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Living on Interest

Srinivas wants to live on a savings-generated interest income only

Srinivas, 38, an IT professional, has a family consisting of a working spouse and a six-year-old daughter. They are looking to ensure a steady source of income for their post-retirement years.

Savings Model

They can save a sum of Rs 75,000 per month which should go towards realising their goals. This includes contributions towards Employees Provident Fund (EPF).

However, there is a proviso to be worked into the equation. By the time Srinivas is 48, he and his wife, intend to quit their present jobs and work for a non-government organisation (NGO) for about 10 years. During this period they do not intend to save much, but will earn enough to meet ongoing expenses.

Ultimately, they wish to secure a post-retirement income of Rs 30,000 per month at today’s cost, through their investments. But they want to leave their corpus intact by not withdrawing from it for expenses.

Their first priority, at the moment is to sell-off their flat and another plot that they own, plus take out a loan, to buy a new house.

Here are the goals they wish to achieve:

Goals  Years Due  Present Cost  Expected Cost
New House 1 Rs 1 crore Rs 1 crore
Daughter's Education 10 Rs 20 lakh Rs 38 lakh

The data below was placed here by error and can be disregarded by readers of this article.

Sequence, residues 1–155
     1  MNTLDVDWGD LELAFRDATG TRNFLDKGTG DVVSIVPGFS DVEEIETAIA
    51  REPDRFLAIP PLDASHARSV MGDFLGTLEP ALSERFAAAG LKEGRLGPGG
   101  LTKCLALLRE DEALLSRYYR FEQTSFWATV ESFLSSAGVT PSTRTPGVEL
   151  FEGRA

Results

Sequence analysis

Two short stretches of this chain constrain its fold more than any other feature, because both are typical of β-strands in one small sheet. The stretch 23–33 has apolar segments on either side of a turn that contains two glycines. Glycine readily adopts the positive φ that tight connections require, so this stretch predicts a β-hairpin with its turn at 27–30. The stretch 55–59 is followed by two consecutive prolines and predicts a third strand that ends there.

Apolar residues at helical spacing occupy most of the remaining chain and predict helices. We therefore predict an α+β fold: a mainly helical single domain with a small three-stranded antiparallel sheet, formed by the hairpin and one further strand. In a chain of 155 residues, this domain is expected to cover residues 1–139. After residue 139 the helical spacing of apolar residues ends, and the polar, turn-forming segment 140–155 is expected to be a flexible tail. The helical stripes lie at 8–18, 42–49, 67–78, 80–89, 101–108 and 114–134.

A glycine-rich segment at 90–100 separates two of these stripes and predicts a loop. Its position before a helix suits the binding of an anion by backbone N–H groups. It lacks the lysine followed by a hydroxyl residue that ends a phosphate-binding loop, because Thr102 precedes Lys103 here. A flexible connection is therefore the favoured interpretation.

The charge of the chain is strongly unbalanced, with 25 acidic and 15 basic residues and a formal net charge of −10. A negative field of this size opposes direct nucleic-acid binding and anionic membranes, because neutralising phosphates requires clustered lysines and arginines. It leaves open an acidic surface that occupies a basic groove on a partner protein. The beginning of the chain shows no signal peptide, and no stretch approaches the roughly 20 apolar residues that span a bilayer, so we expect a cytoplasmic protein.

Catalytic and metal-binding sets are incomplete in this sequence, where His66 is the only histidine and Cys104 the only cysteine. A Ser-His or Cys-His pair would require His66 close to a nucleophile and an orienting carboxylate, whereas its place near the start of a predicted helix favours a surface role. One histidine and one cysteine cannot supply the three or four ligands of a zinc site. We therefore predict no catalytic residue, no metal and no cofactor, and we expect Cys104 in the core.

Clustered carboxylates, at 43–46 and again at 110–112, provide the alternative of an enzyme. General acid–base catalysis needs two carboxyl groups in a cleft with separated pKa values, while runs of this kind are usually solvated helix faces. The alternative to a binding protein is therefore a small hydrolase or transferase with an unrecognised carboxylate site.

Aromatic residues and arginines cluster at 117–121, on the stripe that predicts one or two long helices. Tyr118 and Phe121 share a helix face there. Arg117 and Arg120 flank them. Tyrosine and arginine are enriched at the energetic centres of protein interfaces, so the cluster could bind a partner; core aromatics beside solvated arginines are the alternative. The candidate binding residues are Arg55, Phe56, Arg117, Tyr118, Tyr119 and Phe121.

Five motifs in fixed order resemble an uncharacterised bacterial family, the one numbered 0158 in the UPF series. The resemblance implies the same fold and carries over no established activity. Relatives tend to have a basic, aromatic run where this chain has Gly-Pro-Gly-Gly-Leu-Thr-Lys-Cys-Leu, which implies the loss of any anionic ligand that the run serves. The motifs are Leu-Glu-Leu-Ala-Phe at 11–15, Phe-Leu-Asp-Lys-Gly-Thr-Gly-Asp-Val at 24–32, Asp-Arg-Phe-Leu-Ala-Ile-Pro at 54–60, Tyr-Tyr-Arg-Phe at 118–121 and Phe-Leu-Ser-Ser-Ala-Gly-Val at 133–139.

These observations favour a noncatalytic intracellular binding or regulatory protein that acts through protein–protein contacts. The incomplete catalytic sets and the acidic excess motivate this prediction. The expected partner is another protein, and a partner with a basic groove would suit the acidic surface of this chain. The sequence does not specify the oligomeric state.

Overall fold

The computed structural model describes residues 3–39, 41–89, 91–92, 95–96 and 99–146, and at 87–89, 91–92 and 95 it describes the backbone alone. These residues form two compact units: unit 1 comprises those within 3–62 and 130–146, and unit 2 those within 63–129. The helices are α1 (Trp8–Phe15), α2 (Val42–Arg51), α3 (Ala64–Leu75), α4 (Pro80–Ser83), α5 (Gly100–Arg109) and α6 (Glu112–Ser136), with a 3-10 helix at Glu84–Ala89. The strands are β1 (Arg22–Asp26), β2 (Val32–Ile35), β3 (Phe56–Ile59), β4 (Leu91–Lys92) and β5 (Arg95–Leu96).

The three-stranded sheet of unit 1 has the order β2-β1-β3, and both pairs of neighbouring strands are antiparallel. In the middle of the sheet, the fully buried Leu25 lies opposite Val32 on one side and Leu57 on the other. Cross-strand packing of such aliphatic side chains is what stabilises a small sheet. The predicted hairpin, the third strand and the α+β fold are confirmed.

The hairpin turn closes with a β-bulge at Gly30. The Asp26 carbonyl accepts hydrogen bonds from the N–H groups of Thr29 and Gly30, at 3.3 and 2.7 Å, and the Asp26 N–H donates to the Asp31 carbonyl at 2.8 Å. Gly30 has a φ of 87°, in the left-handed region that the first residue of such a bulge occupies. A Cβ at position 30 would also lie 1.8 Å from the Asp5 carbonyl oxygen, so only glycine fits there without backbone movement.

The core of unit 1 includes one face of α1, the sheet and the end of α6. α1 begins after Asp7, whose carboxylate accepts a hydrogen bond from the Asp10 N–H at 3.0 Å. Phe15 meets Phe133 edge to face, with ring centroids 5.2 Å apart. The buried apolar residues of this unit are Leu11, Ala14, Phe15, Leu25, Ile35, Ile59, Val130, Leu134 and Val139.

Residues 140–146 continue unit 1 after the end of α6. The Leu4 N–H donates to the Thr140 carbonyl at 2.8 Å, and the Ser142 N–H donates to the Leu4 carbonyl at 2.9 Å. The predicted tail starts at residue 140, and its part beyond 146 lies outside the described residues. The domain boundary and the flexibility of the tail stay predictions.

Post-retirement Income  20 Rs 30,000 per month Rs 1.06 lakh per month (corpus required: Rs 3.4 crore)

This is how they sought to implement their plan:

Outstanding loans worth Rs 9.6 lakh are pending, which were sourced to buy their flat and plot. The EMI that they are paying is Rs 20,250 per month. They had received these loans at a pretty low interest rate of 8.50 per cent (fixed) and do not intend to prepay. They have been claiming income tax rebates against repayment of these loans.

Present Investments
Investment  Value (Rs)
Real Estate (Flat) 2,000,000
Real Estate (Plot) 2,300,000
ULIPs 72,000
Equity Mutual Funds 3,115,000
Bank Fixed Deposits 400,000
Company FDs 200,000
NSC / Bonds 100,000
PPF 300,000
EPF / Gratuity 700,000
Total (excluding Real Estates)  4,887,000


Mutual Funds Portfolio
Fund  Allocation  Amount (Rs)
HDFC Top 200 24.36 758,814
DSPBR Equity 20.83 648,855
DSP BR Top 100  11.79 367,259
Magnum Contra 18.46 575,029
Reliance Growth 13.70 426,755
HDFC Tax saver 4.92 153,258
HDFC LT Advantage 4.40 137,060
Franklin India Tax shield 1.37 42,676
ICICI PruTax Plan  0.17 5,296
Total  100.00  3,115,000

Working Towards Goals

Assuming a return of 10 per cent per annum on your investments, your monthly contributions need to be increased by about 2-4 per cent every year to meet all your goals and accumulate a corpus for your retirement. This contribution will include the repayment of loans. Whatever the surplus, it is to be invested towards achieving your goals.

At an inflation rate of 6.50 per cent, the income required after your retirement will be Rs 1.06 lakh. Getting an annual income without taking out the corpus will mean that you will have to live on a constant interest income throughout the term. But, as prices keep on increasing, the need for a larger income will also rise.

We suggest that you keep investing to accumulate a corpus big enough to enable you to leave a meaningful legacy. A corpus of Rs 3.4 crore will enable you to secure the required income for another 60 years

Your investments in the endowment policies from the LIC can be taken as debt investments. For calculations, however, we have not taken them into consideration and the proceeds from them will further increase your retirement income or help fulfill other goals.